9. Then there is carpet. According to one industry source, carpet makes up between 3% and 5% of the trade show waste in landfills. Ask show organizers what percentage of the carpet is recycled. How much of the carpet and padding are composed of recycled materials? Some convention centers, such as the Las Vegas Convention Center, have instituted recycling initiatives specifically for carpets. And it’s okay to ask if there are alternatives to carpet at any given show.
  10. Encourage your shows to have a virtual component. Many people simply refuse to travel as we once did. Virtual doesn’t replace face-to-face—if nothing else, that fact is abundantly clear post-quarantine—but a hybrid event can help you reach a potentially larger audience.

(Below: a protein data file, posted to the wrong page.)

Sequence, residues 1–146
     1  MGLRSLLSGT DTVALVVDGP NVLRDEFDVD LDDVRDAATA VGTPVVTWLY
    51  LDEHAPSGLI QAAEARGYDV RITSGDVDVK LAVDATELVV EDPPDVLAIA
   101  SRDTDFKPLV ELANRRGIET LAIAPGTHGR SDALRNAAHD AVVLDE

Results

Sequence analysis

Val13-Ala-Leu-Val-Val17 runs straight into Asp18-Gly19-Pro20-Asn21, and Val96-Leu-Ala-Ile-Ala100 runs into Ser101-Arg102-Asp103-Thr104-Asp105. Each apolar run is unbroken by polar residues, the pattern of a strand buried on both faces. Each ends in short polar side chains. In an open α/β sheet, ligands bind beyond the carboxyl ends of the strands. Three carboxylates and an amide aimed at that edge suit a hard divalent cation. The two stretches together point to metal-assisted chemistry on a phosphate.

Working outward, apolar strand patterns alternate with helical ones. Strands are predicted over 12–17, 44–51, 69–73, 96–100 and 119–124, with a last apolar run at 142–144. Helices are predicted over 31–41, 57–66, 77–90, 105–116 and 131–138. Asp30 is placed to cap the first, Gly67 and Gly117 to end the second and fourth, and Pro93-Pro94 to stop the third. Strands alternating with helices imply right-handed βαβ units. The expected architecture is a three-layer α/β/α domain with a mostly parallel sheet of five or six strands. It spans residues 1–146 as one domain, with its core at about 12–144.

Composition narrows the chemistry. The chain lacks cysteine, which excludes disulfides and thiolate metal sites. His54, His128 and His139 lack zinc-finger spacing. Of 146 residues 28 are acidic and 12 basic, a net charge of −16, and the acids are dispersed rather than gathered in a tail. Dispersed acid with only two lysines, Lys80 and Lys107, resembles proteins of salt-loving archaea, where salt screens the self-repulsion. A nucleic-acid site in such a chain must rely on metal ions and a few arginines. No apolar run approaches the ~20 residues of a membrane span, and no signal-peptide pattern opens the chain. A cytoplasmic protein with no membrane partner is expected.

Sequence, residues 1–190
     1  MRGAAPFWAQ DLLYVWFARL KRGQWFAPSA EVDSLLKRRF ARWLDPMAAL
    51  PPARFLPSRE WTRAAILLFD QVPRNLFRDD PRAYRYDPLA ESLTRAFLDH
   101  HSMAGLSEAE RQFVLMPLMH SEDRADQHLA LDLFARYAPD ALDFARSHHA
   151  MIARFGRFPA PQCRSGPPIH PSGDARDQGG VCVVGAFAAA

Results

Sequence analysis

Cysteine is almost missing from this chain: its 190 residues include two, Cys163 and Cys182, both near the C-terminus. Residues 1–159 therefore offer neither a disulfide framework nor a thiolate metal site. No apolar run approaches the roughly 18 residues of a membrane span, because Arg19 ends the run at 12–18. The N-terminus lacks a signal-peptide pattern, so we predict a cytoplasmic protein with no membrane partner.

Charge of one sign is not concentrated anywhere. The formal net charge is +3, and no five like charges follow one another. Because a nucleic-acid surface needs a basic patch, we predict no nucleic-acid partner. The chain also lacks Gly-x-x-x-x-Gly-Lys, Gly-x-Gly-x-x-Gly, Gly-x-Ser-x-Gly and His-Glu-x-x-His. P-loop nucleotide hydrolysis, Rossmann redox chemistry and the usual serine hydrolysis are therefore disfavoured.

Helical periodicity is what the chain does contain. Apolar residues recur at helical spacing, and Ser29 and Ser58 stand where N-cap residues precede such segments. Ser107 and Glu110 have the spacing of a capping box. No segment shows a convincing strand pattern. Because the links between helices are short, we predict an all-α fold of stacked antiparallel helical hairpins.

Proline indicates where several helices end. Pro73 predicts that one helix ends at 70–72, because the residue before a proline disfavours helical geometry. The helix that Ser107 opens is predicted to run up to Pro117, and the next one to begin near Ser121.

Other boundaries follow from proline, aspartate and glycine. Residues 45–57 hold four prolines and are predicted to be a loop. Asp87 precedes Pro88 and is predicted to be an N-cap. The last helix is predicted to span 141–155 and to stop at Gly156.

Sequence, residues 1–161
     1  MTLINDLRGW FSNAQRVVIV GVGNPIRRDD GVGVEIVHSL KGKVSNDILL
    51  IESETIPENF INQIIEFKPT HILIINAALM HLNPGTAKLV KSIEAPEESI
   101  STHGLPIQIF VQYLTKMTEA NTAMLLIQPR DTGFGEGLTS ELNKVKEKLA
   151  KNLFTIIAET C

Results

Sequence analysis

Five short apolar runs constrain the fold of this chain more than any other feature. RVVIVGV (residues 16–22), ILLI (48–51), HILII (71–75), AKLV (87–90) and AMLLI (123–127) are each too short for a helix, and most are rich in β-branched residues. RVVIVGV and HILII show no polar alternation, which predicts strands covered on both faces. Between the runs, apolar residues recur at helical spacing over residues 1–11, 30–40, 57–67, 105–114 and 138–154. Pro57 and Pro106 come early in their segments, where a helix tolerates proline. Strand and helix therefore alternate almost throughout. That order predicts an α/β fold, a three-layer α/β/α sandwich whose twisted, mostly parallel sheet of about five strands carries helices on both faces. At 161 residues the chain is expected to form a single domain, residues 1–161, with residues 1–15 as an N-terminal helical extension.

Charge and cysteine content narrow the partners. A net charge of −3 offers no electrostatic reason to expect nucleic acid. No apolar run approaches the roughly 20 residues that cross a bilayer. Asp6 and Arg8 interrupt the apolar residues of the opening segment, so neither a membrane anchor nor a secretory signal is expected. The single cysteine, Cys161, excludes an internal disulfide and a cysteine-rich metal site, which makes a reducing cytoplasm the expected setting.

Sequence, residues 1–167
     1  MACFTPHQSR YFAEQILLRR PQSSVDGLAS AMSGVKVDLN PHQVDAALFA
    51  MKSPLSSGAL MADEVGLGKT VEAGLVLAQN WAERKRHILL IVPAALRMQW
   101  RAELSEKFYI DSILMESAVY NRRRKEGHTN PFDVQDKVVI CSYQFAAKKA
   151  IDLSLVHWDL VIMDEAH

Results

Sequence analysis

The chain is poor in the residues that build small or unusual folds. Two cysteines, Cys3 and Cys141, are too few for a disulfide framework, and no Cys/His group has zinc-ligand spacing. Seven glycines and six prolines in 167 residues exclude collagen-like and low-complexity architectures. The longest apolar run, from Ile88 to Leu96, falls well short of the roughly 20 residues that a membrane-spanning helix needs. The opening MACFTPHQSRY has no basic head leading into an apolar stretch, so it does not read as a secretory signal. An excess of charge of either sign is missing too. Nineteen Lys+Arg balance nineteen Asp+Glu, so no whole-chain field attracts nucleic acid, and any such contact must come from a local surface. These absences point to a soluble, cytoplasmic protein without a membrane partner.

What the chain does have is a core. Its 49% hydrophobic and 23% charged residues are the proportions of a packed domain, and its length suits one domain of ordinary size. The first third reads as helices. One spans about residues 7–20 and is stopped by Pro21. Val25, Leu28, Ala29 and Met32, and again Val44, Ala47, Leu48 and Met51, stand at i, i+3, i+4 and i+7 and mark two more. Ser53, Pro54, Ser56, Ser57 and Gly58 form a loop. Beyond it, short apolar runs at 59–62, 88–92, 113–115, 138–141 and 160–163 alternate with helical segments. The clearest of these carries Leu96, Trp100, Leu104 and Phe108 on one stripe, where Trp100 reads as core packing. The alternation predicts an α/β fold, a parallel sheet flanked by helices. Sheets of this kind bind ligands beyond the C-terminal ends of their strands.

11. Include your sustainability mandate in every RFP you issue and every contract you sign. Building awareness starts at the individual level. Or to quote CB Bhattachary, the H. J. Zoffer Chair in Sustainability and Ethics at the University of Pittsburgh:

If COVID-19 has taught us anything about how to surmount our socio-environmental challenges, it is that each one of us – as individuals, companies, or governments – needs to take ownership of our future. Being a bystander is no longer an option.

21 Questions To Ask